Trailing slightly in the polls and substantially in estimates of his Electoral College strength, Michael Dukakis needed to hit a home run Thursday night in his debate with George Bush.

Despite a generally able performance, Dukakis did not do so.As a result, the last of the 1988 debates merely confirmed previous impressions of the two presidential candidates.

Though somewhat warmer and more relaxed than during their previous televised confrontation, both still came across as basically decent, competent, likable men - with sharply different ideas about what's best for America.

The impression might have been somewhat different if the format of their appearance had been different, if Bush and Dukakis had questioned each other instead of merely participating in what amounts to a joint news conference.

Or the impression might have been somewhat different if the questions from the panel of reporters, though generally quite pointed, had not veered quite so often toward the inane.

Questions, for example, like: Can't the Republican and Democratic presidential contenders find something nice to say about each other? They could - very briefly. Can you identify some current role models for Americans? Guess how many votes, if any, the responses changed. Must the President of the United States be likable to be effective? Of course not. What can be done to make the current campaign less negative? Bush ought to stop pinning the "liberal" label on Dukakis, in Dukakis' estimation. And the press ought to look for positive things to report, in Bush's estimation. What about political corruption? Neither party has a monopoly on it. So what else is new?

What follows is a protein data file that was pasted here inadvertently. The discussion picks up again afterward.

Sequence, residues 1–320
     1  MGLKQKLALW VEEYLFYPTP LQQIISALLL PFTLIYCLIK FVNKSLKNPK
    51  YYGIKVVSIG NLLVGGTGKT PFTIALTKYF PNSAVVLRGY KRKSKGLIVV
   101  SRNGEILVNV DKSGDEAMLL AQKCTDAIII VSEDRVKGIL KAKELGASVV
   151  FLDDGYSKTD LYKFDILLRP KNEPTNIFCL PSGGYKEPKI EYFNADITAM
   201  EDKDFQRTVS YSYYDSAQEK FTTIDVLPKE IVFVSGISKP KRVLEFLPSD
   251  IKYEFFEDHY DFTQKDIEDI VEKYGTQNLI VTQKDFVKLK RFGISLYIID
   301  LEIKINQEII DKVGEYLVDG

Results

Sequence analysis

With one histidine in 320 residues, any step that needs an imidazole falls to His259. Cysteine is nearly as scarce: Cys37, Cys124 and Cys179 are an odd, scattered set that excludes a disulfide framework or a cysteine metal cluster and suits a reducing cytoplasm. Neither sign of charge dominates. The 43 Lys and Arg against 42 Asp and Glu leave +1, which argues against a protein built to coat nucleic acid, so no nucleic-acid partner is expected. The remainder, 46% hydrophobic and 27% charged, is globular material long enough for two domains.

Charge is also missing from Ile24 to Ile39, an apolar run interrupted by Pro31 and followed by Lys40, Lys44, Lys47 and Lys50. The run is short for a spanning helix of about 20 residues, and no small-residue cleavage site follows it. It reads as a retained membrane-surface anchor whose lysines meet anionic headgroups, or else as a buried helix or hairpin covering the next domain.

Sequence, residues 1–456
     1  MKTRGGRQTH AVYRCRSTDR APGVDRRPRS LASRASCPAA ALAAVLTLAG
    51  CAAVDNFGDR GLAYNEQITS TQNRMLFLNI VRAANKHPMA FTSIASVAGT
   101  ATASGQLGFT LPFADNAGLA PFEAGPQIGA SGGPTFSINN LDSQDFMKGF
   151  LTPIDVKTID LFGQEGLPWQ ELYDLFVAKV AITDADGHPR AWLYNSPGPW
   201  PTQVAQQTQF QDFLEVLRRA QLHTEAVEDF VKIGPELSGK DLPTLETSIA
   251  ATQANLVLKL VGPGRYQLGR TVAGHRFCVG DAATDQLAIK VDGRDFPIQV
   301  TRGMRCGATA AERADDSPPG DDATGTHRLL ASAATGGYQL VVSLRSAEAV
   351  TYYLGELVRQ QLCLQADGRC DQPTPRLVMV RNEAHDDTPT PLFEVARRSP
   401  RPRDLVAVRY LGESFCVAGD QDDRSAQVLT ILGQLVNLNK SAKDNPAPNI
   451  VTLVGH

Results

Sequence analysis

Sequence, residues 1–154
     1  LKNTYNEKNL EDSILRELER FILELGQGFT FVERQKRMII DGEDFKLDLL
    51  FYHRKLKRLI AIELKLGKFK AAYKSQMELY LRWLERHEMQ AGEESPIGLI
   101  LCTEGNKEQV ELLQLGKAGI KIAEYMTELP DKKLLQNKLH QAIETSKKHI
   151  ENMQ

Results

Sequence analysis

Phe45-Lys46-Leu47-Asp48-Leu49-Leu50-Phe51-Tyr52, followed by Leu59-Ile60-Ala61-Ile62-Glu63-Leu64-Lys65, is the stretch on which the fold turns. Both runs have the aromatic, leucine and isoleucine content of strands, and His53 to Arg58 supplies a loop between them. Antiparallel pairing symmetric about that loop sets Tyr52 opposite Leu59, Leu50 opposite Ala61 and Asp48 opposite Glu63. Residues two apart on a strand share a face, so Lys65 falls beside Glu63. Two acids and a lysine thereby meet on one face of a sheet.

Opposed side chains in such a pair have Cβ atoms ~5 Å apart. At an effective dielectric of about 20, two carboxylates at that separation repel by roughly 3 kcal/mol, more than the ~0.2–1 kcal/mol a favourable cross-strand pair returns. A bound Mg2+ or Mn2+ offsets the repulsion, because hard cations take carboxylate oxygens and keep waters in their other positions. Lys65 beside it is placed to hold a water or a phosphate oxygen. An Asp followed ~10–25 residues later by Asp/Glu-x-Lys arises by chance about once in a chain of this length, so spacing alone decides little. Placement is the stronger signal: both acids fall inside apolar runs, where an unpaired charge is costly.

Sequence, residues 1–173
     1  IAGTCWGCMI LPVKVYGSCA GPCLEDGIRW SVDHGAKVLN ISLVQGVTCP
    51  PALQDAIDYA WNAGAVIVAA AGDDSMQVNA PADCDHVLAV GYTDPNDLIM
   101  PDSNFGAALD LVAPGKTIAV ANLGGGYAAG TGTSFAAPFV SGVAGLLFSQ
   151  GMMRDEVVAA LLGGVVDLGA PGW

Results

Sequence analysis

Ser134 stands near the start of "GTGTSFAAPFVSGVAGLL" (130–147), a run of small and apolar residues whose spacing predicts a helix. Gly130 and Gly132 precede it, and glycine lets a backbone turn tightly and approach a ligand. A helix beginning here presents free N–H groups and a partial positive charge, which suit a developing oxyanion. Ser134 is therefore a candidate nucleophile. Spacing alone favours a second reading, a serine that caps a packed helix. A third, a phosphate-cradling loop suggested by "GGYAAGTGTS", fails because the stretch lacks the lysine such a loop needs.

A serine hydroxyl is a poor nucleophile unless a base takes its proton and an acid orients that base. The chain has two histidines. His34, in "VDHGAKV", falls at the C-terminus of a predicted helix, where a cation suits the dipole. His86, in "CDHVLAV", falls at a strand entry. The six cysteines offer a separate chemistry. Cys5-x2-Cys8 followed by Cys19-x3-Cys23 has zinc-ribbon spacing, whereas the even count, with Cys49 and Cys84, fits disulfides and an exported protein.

Where, then, does all this leave the presidential campaign? Pretty much where it was before Thursday night's debate.

When the party in power has peace and prosperity plus a popular incumbent in the White House, its nominee is hard to beat. Bush just needed to reassure those who already have decided to vote for him. Dukakis needed to persuade voters it's time to change.

In trying to make his case, Dukakis repeatedly referred to Bush's judgment as reflected in his selection of Dan Quayle as the GOP vice presidential and to Quayle's performance in the vice presidential debate with Lloyd Bentsen. Dukakis might have been better advised not to have pressed the point in view of polls showing that Bush was not damaged by Quayle's performance in last week's debate. Indeed, though Bentsen is generally conceded to have had the edge in that debate, his performance prompted continuing comment that the wrong Democrat is at the head of the ticket.

Though neither candidate made a costly blunder during Thursday night's debate, it's still too soon for either to take victory or defeat for granted. Surveys showing Bush ahead also show that much of his support is soft and in some states he holds a very narrow lead. Harshly negative assaults could still backfire. If the momentum and the big states start moving toward Dukakis, he could still win.

After the debates, then, things look good for George Bush. But nothing will be in the bag until Nov. 9.